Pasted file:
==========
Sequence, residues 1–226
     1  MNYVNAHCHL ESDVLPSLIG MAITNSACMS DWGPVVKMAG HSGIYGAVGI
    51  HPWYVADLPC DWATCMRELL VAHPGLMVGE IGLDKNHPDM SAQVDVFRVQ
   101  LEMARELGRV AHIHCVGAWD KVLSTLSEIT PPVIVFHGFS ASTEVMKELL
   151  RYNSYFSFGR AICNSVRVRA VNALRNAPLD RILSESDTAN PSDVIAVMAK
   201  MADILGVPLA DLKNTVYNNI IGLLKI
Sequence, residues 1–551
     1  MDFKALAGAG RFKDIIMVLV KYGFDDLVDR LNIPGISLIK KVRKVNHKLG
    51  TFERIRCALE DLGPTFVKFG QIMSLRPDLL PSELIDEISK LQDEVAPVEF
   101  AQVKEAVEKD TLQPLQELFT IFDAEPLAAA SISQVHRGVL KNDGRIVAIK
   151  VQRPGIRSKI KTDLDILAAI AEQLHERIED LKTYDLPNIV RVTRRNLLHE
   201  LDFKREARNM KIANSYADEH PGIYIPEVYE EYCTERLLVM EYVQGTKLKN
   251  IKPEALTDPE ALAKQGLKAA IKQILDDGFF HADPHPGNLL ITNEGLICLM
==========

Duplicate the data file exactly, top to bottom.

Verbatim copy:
Sequence, residues 1–226
     1  MNYVNAHCHL ESDVLPSLIG MAITNSACMS DWGPVVKMAG HSGIYGAVGI
    51  HPWYVADLPC DWATCMRELL VAHPGLMVGE IGLDKNHPDM SAQVDVFRVQ
   101  LEMARELGRV AHIHCVGAWD KVLSTLSEIT PPVIVFHGFS ASTEVMKELL
   151  RYNSYFSFGR AICNSVRVRA VNALRNAPLD RILSESDTAN PSDVIAVMAK
   201  MADILGVPLA DLKNTVYNNI IGLLKI
Sequence, residues 1–551
     1  MDFKALAGAG RFKDIIMVLV KYGFDDLVDR LNIPGISLIK KVRKVNHKLG
    51  TFERIRCALE DLGPTFVKFG QIMSLRPDLL PSELIDEISK LQDEVAPVEF
   101  AQVKEAVEKD TLQPLQELFT IFDAEPLAAA SISQVHRGVL KNDGRIVAIK
   151  VQRPGIRSKI KTDLDILAAI AEQLHERIED LKTYDLPNIV RVTRRNLLHE
   201  LDFKREARNM KIANSYADEH PGIYIPEVYE EYCTERLLVM EYVQGTKLKN
   251  IKPEALTDPE ALAKQGLKAA IKQILDDGFF HADPHPGNLL ITNEGLICLM